Darren Cox was born into a motorsport family and has served, as he calls it, a “41-year apprenticeship in the industry”. He worked for the Renault-Nissan group for almost 20 years, spending time in the finance, franchise, van, performance car and marketing departments. He became Nissan’s Global Motorsport Director in 2012, a role that included overseeing the firm’s success in Japanese Super GT and Blancpain Endurance and, as an engine supplier, domination of the LMP2 class in the World Endurance Championship and European Le Mans Series.
Thanks to a crowded marketplace and fans’ ever-shortening attention span, motorsport finds itself constantly striving to find new audiences, or battling to cling on to the ones it’s got.
Ten years ago, I brokered a deal between Nissan and Sony Computer Entertainment UK, which was launching its Gran Turismo 4 game at the time, to bridge the gap between gaming and real driving, if you like. And I had no idea how huge the tie-up would become.
Initially, we ran a promotion to encourage gamers to guess a lap time that a car could achieve around a specific track, with the closest 30 invited to Jonathan Palmer’s PalmerSport operation for a driving day. One of the tests was lapping the Bedford circuit in a Nissan 350Z. During the evaluations one of the instructors pointed out that some of the guys could actual pedal pretty well.
That was my Eureka moment!
And with that, via an effort that comprised two per cent inspiration and 98 per cent perspiration, the GT Academy was born.
Of course, getting two big, global, risk-averse companies to come together and make it work was unbelievably tough; indeed the project failed three times at the point of contract-signing before it finally got off the ground. I was very lucky that then-Nissan board member Carlos Tavares, who’s now at PSA Peugeot Citroen, was fully behind me, as was Mark Bowles, who’d joined Sony from Audi.
I’d done a lot of research on simulation, with help from a racing mate who just happened to be a Concorde pilot. As recently as 2006/2007 motorsport simulation, particularly the driver-in-loop bit of it, was a black art.
That first year was a test. It was all hand-made and we didn’t really know what might happen! The health-and-safety manual was massive and the crisis-management criteria never-ending, but it gathered pace quickly and we unearthed Spaniard Lucas Ordonez as the 2008 GT Academy winner. He’s turned out to be a revelation, racing professionally in sportscars and becoming a part of Nissan’s WEC LMP1 programme in 2015. And he’s a smashing bloke, too. Interestingly, he was the only one who shook my hand and thanked me for the opportunity during the evaluation week. I just knew he was the one…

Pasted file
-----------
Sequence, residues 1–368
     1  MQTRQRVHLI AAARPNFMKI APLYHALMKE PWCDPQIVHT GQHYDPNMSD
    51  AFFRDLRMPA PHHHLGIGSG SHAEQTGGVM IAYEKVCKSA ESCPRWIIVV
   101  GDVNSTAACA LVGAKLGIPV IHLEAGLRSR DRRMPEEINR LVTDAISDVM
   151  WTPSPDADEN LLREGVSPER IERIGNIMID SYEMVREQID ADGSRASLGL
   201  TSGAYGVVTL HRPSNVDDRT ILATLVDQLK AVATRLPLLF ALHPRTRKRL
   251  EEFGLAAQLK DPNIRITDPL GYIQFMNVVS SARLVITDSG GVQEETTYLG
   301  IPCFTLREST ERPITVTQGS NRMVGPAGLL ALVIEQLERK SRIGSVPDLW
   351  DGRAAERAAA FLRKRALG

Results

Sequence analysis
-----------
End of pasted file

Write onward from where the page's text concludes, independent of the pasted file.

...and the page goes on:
In 2008, it was a case of garnering opinions on the validity of the candidates, from luminaries such as Johnny Herbert and Eddie Jordan. Now, though, the team have built it into a repeatable process. Eight years later, it’s still going strong. What we’ve done is not stop fine-tuning the selection and driver-training approach and although it was Euro-centric and only supposed to be for one year, it’s become a global phenomenon with countries all over the world now involved.
Goodwood fans will know, of course, that 2011 GT Academy winner Jann Mardenborough won the Festival of Speed Supercar Shootout a few years ago in a Nissan GT-R, so that proves the scheme’s worth. Jann’s another one who’s been a sensational gamer-turned racer, with a GP3 race win and Le Mans 24 Hours podium already on his CV.
The viewing figures for the GT Academy have been staggering. One hundred million people, in the various territories, watched the TV show in 2014. In Europe, it is second only to Formula 1 in terms of TV viewer numbers for four-wheeled motorsport. That’s a very big insight for the industry and I really believe that if we can get the two insular worlds of gaming and automotive to join forces in a bigger and better way and get them to understand mainstream marketing, GT Academy will just be seen as scratching the surface. Gaming really could help save motorsport from “greying out”.
After leaving the Renault-Nissan family with nearly 20 years’ service at the end of 2015, I’m still involved in the huge opportunities that the gaming world presents for motorsport. The virtual world really is getting more and more closely aligned with reality and several big brands, organisations and media owners are looking very closely with us at it. Watch this space…
Images courtesy of Jochen Van Cauwenberge and GT Academy